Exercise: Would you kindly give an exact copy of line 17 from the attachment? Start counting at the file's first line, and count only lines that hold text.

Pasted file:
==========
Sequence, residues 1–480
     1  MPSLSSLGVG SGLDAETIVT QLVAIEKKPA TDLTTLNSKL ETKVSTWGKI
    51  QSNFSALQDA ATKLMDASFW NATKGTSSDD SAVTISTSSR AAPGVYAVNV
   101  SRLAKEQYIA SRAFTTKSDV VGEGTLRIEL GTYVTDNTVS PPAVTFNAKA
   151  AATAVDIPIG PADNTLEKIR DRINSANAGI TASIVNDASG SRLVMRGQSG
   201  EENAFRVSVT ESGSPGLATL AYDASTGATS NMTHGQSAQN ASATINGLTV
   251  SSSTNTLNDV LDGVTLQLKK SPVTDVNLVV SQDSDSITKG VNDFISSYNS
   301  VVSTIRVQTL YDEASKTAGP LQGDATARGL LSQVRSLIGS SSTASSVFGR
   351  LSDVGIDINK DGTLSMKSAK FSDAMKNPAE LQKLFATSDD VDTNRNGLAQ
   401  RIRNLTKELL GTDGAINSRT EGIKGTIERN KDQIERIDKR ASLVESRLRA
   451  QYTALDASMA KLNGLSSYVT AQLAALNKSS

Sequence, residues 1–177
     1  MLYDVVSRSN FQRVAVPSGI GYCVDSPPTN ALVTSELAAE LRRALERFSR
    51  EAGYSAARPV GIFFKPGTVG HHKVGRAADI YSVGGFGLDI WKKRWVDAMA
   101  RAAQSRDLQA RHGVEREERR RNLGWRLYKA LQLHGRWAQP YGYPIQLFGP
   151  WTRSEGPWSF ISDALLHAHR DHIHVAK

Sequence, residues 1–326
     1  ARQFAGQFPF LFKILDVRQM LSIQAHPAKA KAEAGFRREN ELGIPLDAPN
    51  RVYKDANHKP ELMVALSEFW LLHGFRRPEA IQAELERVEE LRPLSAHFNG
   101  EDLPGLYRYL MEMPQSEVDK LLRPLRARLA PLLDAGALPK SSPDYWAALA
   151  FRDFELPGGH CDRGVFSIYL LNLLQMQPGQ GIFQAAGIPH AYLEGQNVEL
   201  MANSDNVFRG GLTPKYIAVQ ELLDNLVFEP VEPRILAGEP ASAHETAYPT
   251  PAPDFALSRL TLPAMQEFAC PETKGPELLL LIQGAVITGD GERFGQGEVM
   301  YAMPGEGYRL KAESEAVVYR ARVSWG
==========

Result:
Sequence, residues 1–326